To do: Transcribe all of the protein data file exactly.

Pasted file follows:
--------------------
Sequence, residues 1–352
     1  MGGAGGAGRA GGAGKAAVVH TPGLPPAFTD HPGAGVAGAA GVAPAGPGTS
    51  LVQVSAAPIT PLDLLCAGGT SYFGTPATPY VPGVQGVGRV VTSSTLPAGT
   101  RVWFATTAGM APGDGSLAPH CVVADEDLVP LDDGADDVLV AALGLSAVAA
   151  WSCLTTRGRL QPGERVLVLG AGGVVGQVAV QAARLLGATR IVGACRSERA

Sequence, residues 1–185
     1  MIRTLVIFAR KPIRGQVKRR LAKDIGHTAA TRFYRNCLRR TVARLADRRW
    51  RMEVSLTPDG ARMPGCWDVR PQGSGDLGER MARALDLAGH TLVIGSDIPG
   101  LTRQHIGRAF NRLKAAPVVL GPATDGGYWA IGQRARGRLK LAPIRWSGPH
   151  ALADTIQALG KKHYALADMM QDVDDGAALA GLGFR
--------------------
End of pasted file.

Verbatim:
Sequence, residues 1–352
     1  MGGAGGAGRA GGAGKAAVVH TPGLPPAFTD HPGAGVAGAA GVAPAGPGTS
    51  LVQVSAAPIT PLDLLCAGGT SYFGTPATPY VPGVQGVGRV VTSSTLPAGT
   101  RVWFATTAGM APGDGSLAPH CVVADEDLVP LDDGADDVLV AALGLSAVAA
   151  WSCLTTRGRL QPGERVLVLG AGGVVGQVAV QAARLLGATR IVGACRSERA

Sequence, residues 1–185
     1  MIRTLVIFAR KPIRGQVKRR LAKDIGHTAA TRFYRNCLRR TVARLADRRW
    51  RMEVSLTPDG ARMPGCWDVR PQGSGDLGER MARALDLAGH TLVIGSDIPG
   101  LTRQHIGRAF NRLKAAPVVL GPATDGGYWA IGQRARGRLK LAPIRWSGPH
   151  ALADTIQALG KKHYALADMM QDVDDGAALA GLGFR